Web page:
The human remains were found on March 22 around 4 p.m., near a stretch of the 3.5-mile hiking and biking trail — which connects Setauket and Port Jefferson Station — off of Gnarled Hollow Road. At the time, police could not confirm whether the person was a male or female and had not determined a cause of death. But the Suffolk County Police Department said Aug. 4 that the deceased was a woman, believed to have been white or Hispanic and between 30 and 50 years old. She was between 5 feet 3 inches and 5 feet 9 inches tall and had poor dental work, police said.

Police, asking for help to identify her, said her remains are believed to have been at the location for about a year.

Anyone with information is asked to call homicide detectives at 631-852-6392, or to anonymously call Crime Stoppers at 800-220-TIPS.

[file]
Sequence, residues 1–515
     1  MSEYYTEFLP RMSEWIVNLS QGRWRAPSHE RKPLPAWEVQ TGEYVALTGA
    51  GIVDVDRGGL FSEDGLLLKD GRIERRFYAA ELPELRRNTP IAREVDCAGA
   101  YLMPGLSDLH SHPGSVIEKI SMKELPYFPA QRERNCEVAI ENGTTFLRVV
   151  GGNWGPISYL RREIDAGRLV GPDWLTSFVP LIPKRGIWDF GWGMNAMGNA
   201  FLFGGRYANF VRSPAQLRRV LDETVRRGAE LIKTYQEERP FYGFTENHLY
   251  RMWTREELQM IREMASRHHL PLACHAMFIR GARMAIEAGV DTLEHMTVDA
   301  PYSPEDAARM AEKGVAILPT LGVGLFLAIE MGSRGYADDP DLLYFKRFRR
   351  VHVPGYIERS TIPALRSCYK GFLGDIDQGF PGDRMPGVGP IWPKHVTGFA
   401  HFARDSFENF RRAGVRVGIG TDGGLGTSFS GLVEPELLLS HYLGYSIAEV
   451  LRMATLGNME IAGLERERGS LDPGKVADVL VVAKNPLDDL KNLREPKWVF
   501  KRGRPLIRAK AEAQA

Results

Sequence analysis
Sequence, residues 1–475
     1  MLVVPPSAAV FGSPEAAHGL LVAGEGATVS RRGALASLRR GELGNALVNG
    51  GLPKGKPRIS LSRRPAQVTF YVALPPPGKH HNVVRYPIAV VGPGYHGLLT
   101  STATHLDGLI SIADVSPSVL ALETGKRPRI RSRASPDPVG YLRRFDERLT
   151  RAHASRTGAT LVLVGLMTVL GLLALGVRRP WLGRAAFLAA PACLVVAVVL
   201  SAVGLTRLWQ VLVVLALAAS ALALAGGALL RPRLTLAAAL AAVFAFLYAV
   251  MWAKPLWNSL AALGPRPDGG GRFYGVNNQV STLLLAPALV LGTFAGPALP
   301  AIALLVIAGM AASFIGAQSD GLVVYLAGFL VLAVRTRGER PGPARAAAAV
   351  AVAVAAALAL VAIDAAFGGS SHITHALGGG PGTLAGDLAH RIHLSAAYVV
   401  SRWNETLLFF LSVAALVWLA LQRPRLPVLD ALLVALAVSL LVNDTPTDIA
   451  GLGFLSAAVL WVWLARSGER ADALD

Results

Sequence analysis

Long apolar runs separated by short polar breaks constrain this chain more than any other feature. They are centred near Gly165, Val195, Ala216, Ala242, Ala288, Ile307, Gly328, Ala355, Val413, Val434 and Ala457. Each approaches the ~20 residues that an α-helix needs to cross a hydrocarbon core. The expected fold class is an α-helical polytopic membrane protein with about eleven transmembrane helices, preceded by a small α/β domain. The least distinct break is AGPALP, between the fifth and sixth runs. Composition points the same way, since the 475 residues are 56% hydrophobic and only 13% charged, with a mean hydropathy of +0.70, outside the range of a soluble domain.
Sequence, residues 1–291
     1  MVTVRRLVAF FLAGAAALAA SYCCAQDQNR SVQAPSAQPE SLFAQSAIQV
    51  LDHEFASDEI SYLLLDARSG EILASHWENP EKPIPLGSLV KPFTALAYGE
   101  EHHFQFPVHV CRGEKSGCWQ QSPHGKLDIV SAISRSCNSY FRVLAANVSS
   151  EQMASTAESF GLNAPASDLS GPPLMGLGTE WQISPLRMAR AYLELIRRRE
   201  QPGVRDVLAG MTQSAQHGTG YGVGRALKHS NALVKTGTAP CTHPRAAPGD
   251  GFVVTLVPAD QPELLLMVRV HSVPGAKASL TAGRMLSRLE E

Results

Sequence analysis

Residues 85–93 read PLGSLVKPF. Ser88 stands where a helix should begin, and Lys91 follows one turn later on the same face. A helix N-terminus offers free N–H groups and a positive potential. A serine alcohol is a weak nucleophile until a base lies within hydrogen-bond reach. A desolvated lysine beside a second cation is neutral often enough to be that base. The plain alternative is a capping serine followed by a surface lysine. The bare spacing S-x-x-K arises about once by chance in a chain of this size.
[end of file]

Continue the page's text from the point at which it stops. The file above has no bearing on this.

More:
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28-year-old skeleton racer will go to Sochi, Russia

John Daly competes in the World Cup in Lake Placid in December. Photo by Pat Hendrick

By Daniel Dunaief

Four years ago, he was just happy to be there. Weeks before the world turned its attention to Vancouver for the 2010 Winter Olympics, Smithtown’s John Daly had no idea whether he’d be watching the games from home or representing the country in the high-speed sport of skeleton racing.

Now, Daly, 28, is preparing for his second winter games in Sochi, Russia. He finished 17th in Vancouver and is approaching the competition, which is scheduled for Feb. 14 and 15, with a different attitude.

“I’m confident, I think I could do really well,” Daly said via Skype while in St. Moritz, Switzerland for one of the pre-Olympic qualifying races. “In the last game, I was a long shot. In this one, I’m truly prepared. If ever there was a race to win, it’s this one coming up.”